• Select and file proper trademark applications
  • Undergo trademark clearance searches
  • Defend/file trademark application prosecution
  • Monitor trademark usage and maintenance
  • Conduct intellectual property audits
  • And more…

Learn more about how Drumm Law can help protect your beer trademarks.


Hiring the right “beer lawyer”

When it comes to hiring the right beer attorney, you can never go wrong with a thorough vetting process. But what is it, exactly, you should be looking for in the selection of an attorney for your brewery or business?

Whether you’re operating a brewery, brewpub, bar or craft beer bottling company, you’re running a business. And like any other business owner out there, you’re more than likely going to run into issues — both legal and otherwise.

The “right” attorney

Selecting the right beer attorney for your business shouldn’t be just about the bottom line and the cheapest option — but rather, you should prioritize how the legal team “fits” with your business.

A proper lawyer, when working with your brewery or business, should:

  • Be an advocate for your products and business
  • Help identify and mitigate potential risks
  • Provide sound counsel
  • Be considered a trusted source for you and your team

It’s OK to be “picky”

You wouldn’t buy brewing equipment or products from a sales representative that didn’t know their product, would you? The same applies to your business when selecting a beer attorney.

While you could go with cheap options or local attorneys, the best, most efficient option is to go with an attorney that specializes in breweries, brew pubs and other businesses within the industry.

About Drumm Law

At Drumm Law, we understand that today’s law firms are inefficient and outdated. That’s why, as a virtual law firm, we’re proud to offer breweries, brew pubs, bars and others within the industry one-of-a-kind specialized services.

We rely on technology, specialization, quality people and low overhead to provide the highest-quality legal services available to breweries, beer pubs and more.

Learn more about Drumm Law and how our beer lawyers can help your brewery, brew pub and more.


Music in the Taproom

So…you own a brewery and want to play music in your taproom. Maybe it’s live concerts with local bands. Maybe you just want the ambiance of having something on in the background day to day. To liberally paraphrase Lesley Gore’s 1963 hit, “It’s my taproom and I’ll jam if I want to!” Unfortunately, this is not a “just press play” situation, so before you start up It’s My Party for your customers, you may want to read on.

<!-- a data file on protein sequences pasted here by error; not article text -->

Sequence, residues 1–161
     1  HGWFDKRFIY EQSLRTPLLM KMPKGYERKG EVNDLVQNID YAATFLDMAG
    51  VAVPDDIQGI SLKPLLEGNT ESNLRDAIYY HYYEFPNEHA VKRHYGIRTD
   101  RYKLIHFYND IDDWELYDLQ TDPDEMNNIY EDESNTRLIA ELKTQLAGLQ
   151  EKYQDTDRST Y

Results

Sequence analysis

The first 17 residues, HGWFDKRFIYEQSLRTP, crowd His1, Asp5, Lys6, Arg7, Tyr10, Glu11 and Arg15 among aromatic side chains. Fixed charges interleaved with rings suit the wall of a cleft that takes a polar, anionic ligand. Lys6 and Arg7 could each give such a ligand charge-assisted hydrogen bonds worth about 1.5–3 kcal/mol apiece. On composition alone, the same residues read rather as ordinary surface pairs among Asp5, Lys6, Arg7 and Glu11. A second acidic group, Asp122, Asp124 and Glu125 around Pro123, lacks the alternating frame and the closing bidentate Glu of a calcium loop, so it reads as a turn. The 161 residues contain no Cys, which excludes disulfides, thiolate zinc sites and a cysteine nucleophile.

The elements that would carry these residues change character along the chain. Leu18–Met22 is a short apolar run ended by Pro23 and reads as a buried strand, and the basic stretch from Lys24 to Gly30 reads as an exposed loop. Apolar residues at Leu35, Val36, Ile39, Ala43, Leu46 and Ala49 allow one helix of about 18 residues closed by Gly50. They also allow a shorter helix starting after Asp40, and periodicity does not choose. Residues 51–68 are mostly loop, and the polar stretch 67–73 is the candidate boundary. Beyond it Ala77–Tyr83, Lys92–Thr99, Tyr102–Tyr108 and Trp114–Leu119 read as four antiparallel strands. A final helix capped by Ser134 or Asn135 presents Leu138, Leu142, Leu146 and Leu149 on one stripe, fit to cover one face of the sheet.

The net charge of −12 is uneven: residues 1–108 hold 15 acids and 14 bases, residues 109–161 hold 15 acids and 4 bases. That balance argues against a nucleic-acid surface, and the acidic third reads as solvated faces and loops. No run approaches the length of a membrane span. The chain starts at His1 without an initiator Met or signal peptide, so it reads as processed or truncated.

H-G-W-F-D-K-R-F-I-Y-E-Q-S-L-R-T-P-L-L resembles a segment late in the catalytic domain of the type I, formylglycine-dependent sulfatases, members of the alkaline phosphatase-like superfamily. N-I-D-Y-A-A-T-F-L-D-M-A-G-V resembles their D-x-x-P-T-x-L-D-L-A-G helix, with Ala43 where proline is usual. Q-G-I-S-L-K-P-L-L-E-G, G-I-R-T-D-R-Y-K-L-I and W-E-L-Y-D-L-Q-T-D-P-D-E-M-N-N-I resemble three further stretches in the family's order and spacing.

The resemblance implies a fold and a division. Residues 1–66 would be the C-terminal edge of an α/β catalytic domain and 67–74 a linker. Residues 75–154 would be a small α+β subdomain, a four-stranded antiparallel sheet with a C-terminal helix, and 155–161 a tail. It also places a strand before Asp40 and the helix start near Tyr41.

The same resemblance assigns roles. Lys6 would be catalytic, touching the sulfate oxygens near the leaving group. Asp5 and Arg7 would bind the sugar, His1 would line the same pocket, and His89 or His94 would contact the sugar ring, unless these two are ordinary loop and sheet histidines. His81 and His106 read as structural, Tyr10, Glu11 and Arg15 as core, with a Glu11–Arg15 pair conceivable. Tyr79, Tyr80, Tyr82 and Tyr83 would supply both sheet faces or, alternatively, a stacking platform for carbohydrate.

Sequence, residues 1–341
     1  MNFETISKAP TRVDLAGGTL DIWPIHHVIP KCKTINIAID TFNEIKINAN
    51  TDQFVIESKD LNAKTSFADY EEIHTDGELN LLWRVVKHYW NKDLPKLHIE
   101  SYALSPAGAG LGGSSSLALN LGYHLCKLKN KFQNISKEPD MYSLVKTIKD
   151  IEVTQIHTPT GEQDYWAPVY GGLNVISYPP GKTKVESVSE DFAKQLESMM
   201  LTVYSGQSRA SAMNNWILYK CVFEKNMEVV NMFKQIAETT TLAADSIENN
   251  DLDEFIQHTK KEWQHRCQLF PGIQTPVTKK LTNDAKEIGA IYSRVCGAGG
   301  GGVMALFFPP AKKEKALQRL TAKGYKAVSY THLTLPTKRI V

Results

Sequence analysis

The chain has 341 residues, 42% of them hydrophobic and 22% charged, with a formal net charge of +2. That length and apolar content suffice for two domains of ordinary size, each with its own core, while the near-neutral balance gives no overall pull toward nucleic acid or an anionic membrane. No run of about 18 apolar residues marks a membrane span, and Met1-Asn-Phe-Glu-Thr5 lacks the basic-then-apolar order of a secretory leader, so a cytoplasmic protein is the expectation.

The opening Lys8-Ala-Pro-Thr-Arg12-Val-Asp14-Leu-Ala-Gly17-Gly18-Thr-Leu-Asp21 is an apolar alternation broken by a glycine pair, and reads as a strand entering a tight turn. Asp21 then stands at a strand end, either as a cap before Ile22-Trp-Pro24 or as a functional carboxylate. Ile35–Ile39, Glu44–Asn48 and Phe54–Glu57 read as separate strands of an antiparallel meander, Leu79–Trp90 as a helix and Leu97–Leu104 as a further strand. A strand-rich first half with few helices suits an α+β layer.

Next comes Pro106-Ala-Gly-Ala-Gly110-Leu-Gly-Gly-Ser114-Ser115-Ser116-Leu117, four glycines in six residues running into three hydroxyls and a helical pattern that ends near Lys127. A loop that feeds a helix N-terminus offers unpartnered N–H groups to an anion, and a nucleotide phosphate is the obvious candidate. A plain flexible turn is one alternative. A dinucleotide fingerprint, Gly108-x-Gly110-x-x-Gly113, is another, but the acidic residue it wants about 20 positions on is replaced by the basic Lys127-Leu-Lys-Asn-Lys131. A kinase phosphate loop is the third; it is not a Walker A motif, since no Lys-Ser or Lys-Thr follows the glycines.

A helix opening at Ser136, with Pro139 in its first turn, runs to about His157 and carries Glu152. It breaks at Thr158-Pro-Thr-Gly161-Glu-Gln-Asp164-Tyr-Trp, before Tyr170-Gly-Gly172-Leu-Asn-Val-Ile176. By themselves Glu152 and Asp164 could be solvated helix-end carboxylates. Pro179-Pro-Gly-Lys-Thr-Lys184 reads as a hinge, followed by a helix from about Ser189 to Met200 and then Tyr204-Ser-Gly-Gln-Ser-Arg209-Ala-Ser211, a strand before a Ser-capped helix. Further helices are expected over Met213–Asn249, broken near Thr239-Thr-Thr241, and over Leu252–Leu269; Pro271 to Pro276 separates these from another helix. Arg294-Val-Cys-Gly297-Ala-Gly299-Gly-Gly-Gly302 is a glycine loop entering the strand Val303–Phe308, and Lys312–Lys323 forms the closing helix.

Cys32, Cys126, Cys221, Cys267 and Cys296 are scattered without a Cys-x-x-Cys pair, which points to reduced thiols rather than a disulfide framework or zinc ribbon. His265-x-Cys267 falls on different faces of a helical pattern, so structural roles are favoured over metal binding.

Sure, you can listen to whatever tickles your fancy at 8am alone in the brewhouse, but if you are going to be playing music in the presence of patrons, it’s time to add another license to your file.

Really? Another one?

The short answer is… yes. Music is governed under Federal Copyright law. The Copyright Act grants five rights to a copyright owner:

  1. the right to reproduce the copyrighted work;
  2. the right to prepare derivative works based upon the work;
  3. the right to distribute copies of the work to the public;
  4. the right to perform the copyrighted work publicly; and
  5. the right to display the copyrighted work publicly

For purposes of this blog, we are focusing on number 4: the “performance” aspect, or, in this case, the performing of copyrighted music at your brewery. Now before you get up on the bar with that microphone…

What is a performance?

According to the US Copyright Act, “to “perform” a work means to recite, render, play, dance, or act it, either directly or by means of any device or process or, in the case of a motion picture or other audiovisual work, to show its images in any sequence or to make the sounds accompanying it audible.”

I’m sorry, what now?

In layman’s terms: a performance is playing music in a public setting (i.e. the taproom).

This means there are two common types of performances you’ll need to consider here: playing pre-recorded music and hosting live music.